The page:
“[We want to] engage with and lift up members of the community, particularly the most unheard,” said Morgan.

Guerra also wants his group to be a constructive force.

“[Swat Conservatives is] trying to focus more on the positive things that we can change and ways that we can make the Swarthmore community a better place instead of just trying to tear it down,” Guerra said.

For these two clubs, activism can mean working together in a bipartisan way and having a discussion of political differences despite an increasingly divisive political climate nationwide.

Trump rescinds White House offer to the Warriors

in Sports by

President Trump and Stephen Curry don’t have much in common, but if there is one thing they agree on, it’s that the Golden State Warriors won’t be visiting the White House anytime soon.

As of last week, Trump controversially withdrew his White House invitation to the NBA championship-winning Golden State Warriors. He did so after two-time MVP and Golden State star Stephen Curry’s public statement of his intent to avoid visiting Trump at the White House.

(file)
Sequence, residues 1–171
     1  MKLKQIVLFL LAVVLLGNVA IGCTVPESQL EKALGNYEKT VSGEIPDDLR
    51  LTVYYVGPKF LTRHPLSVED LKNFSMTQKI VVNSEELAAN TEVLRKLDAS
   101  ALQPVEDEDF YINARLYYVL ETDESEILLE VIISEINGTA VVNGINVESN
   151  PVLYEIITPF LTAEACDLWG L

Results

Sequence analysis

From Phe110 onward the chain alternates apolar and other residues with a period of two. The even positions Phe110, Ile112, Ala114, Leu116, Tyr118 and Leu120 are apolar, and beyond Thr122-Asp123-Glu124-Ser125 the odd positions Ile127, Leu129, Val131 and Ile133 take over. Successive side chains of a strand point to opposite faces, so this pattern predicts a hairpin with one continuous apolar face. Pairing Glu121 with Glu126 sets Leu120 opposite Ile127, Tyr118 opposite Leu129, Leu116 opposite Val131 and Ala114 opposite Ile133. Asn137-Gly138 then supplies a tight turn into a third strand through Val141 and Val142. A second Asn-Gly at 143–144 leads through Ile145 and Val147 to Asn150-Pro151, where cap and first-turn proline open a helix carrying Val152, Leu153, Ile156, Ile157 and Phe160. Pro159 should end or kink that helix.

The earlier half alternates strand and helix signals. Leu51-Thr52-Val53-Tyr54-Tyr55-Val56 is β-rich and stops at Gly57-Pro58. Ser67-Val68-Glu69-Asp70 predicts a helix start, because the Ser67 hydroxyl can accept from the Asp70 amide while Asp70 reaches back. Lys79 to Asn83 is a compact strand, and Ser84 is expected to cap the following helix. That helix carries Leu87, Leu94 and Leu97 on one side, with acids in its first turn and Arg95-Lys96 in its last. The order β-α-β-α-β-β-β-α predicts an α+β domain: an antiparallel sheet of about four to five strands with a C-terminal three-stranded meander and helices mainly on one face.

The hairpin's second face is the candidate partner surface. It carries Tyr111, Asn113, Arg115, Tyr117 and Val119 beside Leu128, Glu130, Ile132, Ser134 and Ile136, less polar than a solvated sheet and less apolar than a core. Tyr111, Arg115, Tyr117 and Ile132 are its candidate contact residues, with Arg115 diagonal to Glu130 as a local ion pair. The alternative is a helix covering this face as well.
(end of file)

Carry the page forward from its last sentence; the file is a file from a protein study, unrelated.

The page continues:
Visiting the White House has become a ritual for NBA championship-winning teams over the years, and even though Trump had not yet written a formal invitation to the Warriors, it was understood that one would be given to the team if the members expressed even the slightest interest in attending. The Warriors general manager Bob Meyers said that he had been in communication with the White House and had left the door open for a possible visit.

However, the plans Steph Curry had in mind were a bit different. Last Friday, Curry stated during a media event, “I don’t want to go…[But] it’s not just me going to the White House. If it was, this would be a pretty short conversation.” When asked to elaborate on what his intended message was, Curry continued, “That we don’t stand for basically what our president has – the things he’s said and the things he hasn’t said in the right times, that we won’t stand for it.”